Use an In-Ground Dog Poop Composter

At some point you might’ve asked yourself the question: can dog poop be composted at home? And the answer is yes!

An in-ground waste digester system is a step-up from using ASTM D6400 specific plastic bags, with several commercial options on the market like the Doggie Doolie . Just remember to use the compost created from dog poop for non-edible plants only!

If you’re considering this method, I encourage you to do your research and see if this will work for you, as this system comes with specific limitations. For example, digesters are temperature-dependent and tend to work better at temperatures above 40 degrees Fahrenheit. Unfortunately, that means that this might not be an option year-round in some areas of the country (I’m looking at you, Wisconsin!). Beyond that, there are a handful of other factors to consider prior to moving forward with a dog poop compost system. Check out In-Ground Stool Digesters: How They Work for more info.

For the super crafty folks, you can also make your own homemade dog waste disposal system with supplies available at your local home and garden store—but this can be more challenging for the average dog owner. The USDA has an interesting read on composting dog waste that is informative and makes starting your own composting system seem less intimidating.

This might be the most surprising pet waste disposal solution to some—and it might also be the most ecologically friendly.

According to the EPA , the most sustainable way to dispose of dog poop is to flush it down the toilet. Most municipal water treatment facilities are equipped to process water containing fecal matter, with dog waste being not terribly different from human waste. You can find flushable dog poop bags on the market, like Flush Puppies , made from Polyvinyl Alcohol (PVA) – a water soluble alternative to regular plastic that breaks down in water. This option is a no-go if you have a septic tank, best to keep your dog’s poop (bag or no bag) out of it.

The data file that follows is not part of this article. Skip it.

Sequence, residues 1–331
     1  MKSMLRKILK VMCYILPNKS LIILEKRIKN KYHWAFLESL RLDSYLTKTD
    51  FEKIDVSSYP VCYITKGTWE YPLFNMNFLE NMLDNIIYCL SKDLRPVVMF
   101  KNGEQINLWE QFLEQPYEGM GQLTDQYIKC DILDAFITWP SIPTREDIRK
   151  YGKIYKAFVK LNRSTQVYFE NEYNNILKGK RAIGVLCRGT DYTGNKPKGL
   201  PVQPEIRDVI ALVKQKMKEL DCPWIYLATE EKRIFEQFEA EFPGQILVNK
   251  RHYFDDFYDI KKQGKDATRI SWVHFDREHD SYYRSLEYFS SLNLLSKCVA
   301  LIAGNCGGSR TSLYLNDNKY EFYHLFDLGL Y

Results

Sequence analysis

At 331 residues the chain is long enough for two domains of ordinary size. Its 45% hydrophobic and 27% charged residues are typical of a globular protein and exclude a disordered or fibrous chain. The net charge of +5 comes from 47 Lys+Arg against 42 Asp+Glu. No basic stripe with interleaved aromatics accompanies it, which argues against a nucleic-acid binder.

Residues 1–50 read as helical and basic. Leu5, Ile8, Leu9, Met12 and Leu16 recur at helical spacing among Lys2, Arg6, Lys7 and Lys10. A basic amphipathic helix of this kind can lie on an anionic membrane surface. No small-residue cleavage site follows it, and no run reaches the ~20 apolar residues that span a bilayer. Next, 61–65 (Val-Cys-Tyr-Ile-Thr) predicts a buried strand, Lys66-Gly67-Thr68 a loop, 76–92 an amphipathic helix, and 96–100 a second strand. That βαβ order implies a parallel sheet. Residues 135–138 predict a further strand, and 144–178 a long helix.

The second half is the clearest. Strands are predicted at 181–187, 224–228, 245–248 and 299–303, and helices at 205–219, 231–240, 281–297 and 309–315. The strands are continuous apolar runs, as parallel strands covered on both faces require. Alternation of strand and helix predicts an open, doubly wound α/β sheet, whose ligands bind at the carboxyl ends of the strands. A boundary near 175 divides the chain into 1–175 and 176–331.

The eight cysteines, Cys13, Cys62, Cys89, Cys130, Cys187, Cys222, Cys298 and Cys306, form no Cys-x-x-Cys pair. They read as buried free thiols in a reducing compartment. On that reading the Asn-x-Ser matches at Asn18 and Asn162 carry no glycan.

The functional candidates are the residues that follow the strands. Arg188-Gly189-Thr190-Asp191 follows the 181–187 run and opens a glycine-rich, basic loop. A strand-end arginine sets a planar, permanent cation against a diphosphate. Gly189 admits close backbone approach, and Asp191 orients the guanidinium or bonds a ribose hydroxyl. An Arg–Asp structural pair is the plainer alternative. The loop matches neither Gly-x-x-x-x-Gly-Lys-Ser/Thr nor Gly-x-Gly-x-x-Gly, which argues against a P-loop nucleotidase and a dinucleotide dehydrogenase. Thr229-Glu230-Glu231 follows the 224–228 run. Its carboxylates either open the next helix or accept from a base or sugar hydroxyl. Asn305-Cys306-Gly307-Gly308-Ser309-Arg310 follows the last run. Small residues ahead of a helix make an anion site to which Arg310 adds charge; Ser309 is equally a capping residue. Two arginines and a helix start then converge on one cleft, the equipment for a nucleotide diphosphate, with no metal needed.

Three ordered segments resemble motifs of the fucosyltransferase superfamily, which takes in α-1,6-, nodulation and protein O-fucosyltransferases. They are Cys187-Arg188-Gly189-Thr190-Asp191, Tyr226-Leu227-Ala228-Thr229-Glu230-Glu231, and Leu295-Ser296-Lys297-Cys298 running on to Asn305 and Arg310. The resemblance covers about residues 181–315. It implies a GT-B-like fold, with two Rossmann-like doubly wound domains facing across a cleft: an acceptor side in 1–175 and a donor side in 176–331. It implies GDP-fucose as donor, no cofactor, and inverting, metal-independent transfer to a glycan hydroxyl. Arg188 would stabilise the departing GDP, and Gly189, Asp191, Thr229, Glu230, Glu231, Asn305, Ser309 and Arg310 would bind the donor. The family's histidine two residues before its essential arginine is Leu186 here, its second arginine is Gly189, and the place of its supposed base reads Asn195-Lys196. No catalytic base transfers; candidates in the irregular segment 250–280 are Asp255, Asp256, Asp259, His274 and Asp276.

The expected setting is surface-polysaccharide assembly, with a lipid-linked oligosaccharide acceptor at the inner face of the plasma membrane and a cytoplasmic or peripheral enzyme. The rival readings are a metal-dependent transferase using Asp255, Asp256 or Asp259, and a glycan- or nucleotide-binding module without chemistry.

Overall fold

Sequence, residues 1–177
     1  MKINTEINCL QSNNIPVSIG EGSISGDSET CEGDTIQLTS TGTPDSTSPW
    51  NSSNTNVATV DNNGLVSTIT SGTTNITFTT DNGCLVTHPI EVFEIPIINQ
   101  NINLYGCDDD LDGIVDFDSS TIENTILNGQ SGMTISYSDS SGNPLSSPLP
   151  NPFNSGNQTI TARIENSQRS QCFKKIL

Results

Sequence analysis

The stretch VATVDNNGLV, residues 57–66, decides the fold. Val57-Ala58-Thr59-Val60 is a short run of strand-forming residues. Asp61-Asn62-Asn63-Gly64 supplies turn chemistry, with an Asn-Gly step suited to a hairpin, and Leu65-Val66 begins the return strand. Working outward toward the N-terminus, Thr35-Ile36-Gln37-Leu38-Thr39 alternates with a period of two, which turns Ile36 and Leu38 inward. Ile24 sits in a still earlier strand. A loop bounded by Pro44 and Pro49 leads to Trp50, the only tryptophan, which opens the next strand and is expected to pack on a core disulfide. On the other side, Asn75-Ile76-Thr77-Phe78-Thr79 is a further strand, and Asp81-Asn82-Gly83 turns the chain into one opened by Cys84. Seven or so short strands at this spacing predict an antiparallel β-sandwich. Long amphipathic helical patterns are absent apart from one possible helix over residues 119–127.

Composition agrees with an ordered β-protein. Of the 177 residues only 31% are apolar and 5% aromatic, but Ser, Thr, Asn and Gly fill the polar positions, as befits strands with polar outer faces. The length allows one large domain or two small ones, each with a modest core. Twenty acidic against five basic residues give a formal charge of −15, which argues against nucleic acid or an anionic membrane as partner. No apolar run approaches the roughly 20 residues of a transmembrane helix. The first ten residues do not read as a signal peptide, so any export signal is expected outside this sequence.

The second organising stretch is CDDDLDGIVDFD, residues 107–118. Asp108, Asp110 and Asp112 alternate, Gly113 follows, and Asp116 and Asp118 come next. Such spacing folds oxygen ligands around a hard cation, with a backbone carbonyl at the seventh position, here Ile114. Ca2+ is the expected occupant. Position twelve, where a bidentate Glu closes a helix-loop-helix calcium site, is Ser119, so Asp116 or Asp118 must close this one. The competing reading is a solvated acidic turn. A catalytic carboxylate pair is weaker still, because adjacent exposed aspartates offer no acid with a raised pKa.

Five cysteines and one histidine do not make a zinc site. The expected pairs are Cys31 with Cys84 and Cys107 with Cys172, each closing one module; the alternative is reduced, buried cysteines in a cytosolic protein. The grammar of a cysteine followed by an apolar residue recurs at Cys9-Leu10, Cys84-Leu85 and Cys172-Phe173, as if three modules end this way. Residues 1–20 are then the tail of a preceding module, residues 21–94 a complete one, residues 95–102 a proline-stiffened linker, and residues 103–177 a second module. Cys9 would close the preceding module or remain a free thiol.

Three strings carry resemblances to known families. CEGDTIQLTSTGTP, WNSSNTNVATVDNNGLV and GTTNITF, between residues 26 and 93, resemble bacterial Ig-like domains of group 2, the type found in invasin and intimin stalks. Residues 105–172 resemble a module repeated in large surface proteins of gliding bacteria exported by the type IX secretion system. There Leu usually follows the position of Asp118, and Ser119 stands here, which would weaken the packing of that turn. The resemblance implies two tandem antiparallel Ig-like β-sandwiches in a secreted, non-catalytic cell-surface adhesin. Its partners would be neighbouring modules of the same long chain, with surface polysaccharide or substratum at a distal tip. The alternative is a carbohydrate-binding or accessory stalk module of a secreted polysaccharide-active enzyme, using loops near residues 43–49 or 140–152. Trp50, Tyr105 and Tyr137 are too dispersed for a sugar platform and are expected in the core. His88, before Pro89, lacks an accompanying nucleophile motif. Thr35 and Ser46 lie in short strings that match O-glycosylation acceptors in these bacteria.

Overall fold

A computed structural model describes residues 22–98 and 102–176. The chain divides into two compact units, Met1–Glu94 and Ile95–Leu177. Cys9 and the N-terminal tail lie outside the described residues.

So have you done the math on the number of poop filled plastic bags you’ve sent to the landfill yet? If yes, and you’re as shocked as I am—don’t sweat! From making more informed choices when choosing your earth-friendly poop bags to using your toilet, you’ve got options here to help you change your habits in a manageable way. Just remember to do your homework and ease into it. We’ll be doing the same here at Leashless Lab, and you know we’ll always let you crib our notes. Now embrace that shame and get a handle on your [dog’s] shit!

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Can You Flush Your Dog Poop Problem Down the Toilet?

With my many dooloop blog posts about what to do with dog poop, and my eco-warrior concerns about avoiding environmental contamination by countless dots of pup-poop, you’d think I would have told you to just flush that stuff. And you know what? In many cases, it’s OK! Even the Environmental Protection Agency says so.

There IS a big “BUT” to consider…or a wee little butt, if your pooch is a chihuahua, shih tzu, dachshund, or another pint-sized pup. In fact, there are at least three “buts” to the EPA’s quick answer to the question, “is it OK to flush dog poop down the toilet?”